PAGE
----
By Moses Ma, published on April 3, 2007 - last reviewed on October 28, 2011
If you google the term "polyamory," you'll get more than a million hits, indicating that unconventional approaches to love and sex are a hot topic. And certainly, it's a way of living that sparks controversy and even disbelief. Polyamory—a term than means "loving many"—is a serious approach to relationships for some people. Marriage and family therapist Dossie Easton has written the book, The Ethical Slut—known as the bible of polyamory. Here, she tells us what it's all about.
What is polyamory?
We live in a culture that works very hard to enforce a "one size fits all" definition of how intimate relationships should be conducted. But there are many ways to love, and many formats for creating wonderful and fulfilling relationships—from having more than one sexual partner to group marriage. The title, The Ethical Slut (co-written by Catherine Liszt), says it all. A slut is a person who celebrates an adventurous sexual lifestyle, but while honoring the feelings and boundaries of all persons involved, even those who may not be in the room at the time you're being adventurous.
Do you need rules to ensure fairness—such as who sleeps with whom on which nights?
I don't believe that there are really any fixed rules except to respect and honor the feelings and boundaries of every individual involved in poly relationships. Having too many rules is like trying to squish round pegs into square holes, and I believe that people are infinitely creative. So why not let that creativity flow into how we configure relationships?
Many therapists say polyamory can't possibly work in terms of setting up stable bonding that defends against abandonment and provides a long-term environment for childrearing. So isn't engaging in polyamory a little like playing with fire?
What is interesting about polyamorous lifestyles is that when people live out in the open, they can welcome lovers into their families, so that these threats—which are usually kept secret and can fester—are openly discussed and integrated. They can generate extended families that reproduce the values of that well-known village that is so good at raising children. Children benefit from having more adults, more care, more support, and a larger population of role models to choose from.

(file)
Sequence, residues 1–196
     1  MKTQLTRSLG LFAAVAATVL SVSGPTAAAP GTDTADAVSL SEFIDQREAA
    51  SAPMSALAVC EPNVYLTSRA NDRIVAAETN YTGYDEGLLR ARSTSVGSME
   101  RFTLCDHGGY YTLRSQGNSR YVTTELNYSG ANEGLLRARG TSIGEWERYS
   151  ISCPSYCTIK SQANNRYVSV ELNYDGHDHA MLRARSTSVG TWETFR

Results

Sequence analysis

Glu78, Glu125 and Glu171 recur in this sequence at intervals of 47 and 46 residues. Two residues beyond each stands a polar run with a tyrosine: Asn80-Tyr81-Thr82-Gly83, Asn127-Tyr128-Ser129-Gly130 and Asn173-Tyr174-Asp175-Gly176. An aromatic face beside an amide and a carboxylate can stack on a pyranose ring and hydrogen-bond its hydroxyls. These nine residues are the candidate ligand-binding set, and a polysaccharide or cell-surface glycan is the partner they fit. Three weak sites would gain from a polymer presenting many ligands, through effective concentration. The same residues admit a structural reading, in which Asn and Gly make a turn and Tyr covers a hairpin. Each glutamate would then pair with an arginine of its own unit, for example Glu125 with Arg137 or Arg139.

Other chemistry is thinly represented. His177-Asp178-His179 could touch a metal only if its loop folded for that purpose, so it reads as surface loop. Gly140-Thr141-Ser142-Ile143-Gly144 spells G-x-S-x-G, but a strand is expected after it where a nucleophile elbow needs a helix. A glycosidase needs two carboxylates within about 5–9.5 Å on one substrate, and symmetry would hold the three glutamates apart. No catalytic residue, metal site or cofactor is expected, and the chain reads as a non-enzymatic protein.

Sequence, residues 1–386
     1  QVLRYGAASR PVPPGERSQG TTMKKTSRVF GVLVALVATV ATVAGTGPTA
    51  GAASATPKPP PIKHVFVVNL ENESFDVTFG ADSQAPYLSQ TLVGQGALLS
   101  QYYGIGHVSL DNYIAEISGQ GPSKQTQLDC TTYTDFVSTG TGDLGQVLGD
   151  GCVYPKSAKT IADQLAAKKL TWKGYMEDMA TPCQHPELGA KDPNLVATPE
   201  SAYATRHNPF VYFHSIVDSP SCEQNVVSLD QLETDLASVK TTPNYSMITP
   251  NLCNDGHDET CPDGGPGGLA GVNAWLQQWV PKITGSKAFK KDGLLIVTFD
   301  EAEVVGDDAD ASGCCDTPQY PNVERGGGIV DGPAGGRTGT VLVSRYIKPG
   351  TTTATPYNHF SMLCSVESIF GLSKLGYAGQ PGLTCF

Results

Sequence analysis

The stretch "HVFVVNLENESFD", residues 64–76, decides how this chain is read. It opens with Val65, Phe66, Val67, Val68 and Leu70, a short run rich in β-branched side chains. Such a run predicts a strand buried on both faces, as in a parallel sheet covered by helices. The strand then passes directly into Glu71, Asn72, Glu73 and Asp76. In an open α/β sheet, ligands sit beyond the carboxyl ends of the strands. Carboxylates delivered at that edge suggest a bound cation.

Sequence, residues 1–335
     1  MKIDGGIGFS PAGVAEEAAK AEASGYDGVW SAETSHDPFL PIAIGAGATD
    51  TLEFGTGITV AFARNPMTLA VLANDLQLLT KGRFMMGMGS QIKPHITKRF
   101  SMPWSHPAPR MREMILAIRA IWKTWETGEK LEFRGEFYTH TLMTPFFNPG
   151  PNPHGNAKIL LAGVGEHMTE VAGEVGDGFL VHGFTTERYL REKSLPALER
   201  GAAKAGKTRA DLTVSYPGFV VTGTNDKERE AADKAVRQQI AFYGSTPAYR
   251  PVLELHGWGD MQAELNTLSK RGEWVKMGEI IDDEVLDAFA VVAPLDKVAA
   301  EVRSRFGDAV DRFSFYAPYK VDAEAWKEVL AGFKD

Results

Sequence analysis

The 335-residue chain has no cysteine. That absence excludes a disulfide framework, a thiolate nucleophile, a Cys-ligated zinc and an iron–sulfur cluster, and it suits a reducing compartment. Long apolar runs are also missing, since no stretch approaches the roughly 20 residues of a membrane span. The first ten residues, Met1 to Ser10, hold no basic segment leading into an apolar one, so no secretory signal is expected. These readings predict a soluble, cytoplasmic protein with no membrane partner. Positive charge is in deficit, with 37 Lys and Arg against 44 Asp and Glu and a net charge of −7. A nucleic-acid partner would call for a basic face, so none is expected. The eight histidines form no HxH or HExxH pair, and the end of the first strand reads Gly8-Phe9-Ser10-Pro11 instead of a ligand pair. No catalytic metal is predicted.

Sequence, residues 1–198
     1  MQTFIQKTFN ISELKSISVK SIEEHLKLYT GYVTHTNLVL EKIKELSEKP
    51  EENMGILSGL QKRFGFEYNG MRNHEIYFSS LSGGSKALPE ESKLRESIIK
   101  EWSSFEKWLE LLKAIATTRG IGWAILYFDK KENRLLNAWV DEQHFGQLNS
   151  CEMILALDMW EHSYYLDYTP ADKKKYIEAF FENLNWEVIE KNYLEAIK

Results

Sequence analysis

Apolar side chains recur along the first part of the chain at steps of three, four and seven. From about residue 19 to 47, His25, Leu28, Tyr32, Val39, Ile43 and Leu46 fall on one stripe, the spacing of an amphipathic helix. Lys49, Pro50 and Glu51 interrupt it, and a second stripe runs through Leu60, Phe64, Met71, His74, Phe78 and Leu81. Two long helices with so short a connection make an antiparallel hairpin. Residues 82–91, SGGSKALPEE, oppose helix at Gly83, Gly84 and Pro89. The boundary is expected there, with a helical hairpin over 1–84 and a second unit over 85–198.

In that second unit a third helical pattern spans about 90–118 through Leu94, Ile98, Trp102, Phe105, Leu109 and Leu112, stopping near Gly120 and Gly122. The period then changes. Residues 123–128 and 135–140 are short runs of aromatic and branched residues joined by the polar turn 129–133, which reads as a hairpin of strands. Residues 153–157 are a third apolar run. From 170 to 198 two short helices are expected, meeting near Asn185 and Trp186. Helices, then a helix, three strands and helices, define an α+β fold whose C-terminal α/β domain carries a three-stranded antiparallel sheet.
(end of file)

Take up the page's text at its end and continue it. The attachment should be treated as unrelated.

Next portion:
How do you deal with jealousy? Is it possible to unlearn such a deeply ingrained response?
If you watch infants, you'll find that they don't really notice competitors as long as their needs are being met. In fact, the way polyamorous networks raise children is at the heart of poly lifestyles. It's really all about encouraging brotherly love, dissolving sibling rivalry, and sharing laps. Jealousy is not that deeply ingrained.
We think that jealousy is an unmanageable and intolerable emotion that no one should be asked to deal with. This is a myth. In fact, we are quite capable of learning to take care of ourselves when we feel jealous, much in the same way we take care of ourselves around any difficult feeling, such as grief or resentment. We really don't need to fear that it will overwhelm us.
If we delve deeper into jealousy, we can unravel it. Jealousy is a sort of umbrella word that covers a huge range of difficult emotions that might arise at the thought of our partner being intimate with someone else. How do people experience jealousy? Territorial rage, fear of abandonment, insecurity, negative body image, loss, self-loathing in the form of imagining that the other person must be sexier—the list is endless.
Jealousy is manifested as insecurity, and this led me to realize that I had never had any true sense of internal security that wasn't dependent on my partner loving me more than someone else. So I built a foundation of security that I totally owned and operated.
Jealousy is a sort of code word for whatever emotion or experience that is inside. One such thought: I am scared that I can't survive. We then project it onto the partner and ask him to prevent us from experiencing that deep fear. Jealousy shows us what our deepest conflicts are. Unlearning jealousy provides a possibility for healing and growth.